Cardinal Paul Poupard, who heads the Pontifical Council for Culture, said Friday that it is important for the faithful to pay attention to what science has to offer on various issues, because religion risks turning into 'fundamentalism' if it ignores scientific reasoning. He then went further than Pope John Paul did with comments on evolution. In 1996, the Pope said "evolution is more than a hypothesis," and this followed a 1992 declaration that the church's 17th-century denunciation of Galileo was an error resulting from "tragic mutual incomprehension." Galileo was condemned for supporting Nicolaus Copernicus' discovery that the Earth revolved around the sun; church teaching at the time placed Earth at the center of the universe.
"The permanent lesson that the Galileo case represents pushes us to keep alive the dialogue between the various disciplines, and in particular between theology and the natural sciences, if we want to prevent similar episodes from repeating themselves in the future," Poupard said.
I could not agree more. In addtion, I do think that science needs to pay attention to and respect what religion has to offer. Good examples come in the form of what are guiding principles for science ethics, as I addressed in my last post, or where does morality fit into science research. Religion can help keep good debates going in areas like nuclear weaponry research, cloning, limits on medical research on humans, and so on. Without a moral compass, science can go extreme, as evidenced by Nazi 'medical research' back in the 1930s and 1940s.
Most humans practice some sort of religion, so science cannot ignore this. As for the intelligent design debate, Poupard expanded on John Paul's comment and stated evolution is supported by physical evidence, and that this evidence is constantly growing. This is why evolution should be and is the overwhelming, dominant scientific model for how life evolved. Keep in mind that evolution does not state how the first life began, but rather describes how more complex life evolves from simpler life forms. It describes the process by which we now have such amazing variety of life. Cardinal Poupard suggests, as I also believe, that religion and science do not have to be mutually exclusive in this debate. To be honest, I prefer and believe the intelligent design model, which has as its premise a supernatural entity called the 'designer' as the designer of such a complex system as a human being. But I realize my belief in this 'theory' only comes from my personal religious faith and the way I was raised, since I am a Christian. I absolutely do not support, however, including intelligent design in science curricula because I do not, nor anyone else, have any physical evidence for a 'supernatural entity' (so ID supporters out there, let's cut to the chase and say the designer is God). ID is not a scientific theory, but rather a theological and philosophical model.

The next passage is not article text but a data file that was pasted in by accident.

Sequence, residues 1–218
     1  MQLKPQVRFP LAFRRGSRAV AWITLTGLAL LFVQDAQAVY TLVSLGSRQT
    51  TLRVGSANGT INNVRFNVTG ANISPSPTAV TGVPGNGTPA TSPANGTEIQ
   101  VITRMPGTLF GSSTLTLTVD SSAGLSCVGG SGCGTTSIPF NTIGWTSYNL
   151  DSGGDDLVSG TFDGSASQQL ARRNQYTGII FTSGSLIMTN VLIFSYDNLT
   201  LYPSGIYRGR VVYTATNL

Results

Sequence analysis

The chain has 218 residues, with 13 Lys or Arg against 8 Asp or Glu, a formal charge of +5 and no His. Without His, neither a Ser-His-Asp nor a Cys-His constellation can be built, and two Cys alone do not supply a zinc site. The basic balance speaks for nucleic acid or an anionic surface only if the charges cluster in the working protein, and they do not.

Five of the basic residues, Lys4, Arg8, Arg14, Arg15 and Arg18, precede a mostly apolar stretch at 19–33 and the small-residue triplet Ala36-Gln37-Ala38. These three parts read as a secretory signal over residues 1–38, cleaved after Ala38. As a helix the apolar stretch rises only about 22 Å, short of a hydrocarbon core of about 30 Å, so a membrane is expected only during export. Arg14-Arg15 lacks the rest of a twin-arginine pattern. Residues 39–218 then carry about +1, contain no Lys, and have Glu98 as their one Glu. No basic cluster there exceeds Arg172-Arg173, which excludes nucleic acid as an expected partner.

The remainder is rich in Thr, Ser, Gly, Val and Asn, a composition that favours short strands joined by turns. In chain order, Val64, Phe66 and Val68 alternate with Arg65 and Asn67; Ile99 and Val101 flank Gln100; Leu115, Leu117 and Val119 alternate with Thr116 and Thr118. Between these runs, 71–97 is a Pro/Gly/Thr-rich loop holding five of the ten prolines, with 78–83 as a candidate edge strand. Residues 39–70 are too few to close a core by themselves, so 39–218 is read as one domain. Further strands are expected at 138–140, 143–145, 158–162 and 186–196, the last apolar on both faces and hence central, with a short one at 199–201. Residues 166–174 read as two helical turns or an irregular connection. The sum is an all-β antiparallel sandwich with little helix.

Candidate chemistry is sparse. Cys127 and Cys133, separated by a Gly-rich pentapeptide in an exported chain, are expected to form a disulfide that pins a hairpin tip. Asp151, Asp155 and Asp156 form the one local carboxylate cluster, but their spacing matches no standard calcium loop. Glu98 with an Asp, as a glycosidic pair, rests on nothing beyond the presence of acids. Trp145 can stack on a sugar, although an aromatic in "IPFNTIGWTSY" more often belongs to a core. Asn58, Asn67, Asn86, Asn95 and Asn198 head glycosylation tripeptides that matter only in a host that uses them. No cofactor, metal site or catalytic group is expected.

I get the impression that Cardinal Poupard is saying the same thing, and I am glad to see he understands that both science and religion are important and should have mutual respect, but there are also boundaries that keep these two different realms of thought and practice, and that is OK! The same can be said for philosophy. There is a place for creationism and a grand 'designer' of life, but that should be in religious and philosophical venues where one can accept ideas that may not have physical support. I would not want to advocate or mandate the teaching of evolution in such a venue, because that is not its proper place. Likewise, science has a mandate that requires it to find the physical reasons for why the universe works the way we observe, and nonphysical models are not appropriate in the teaching of science.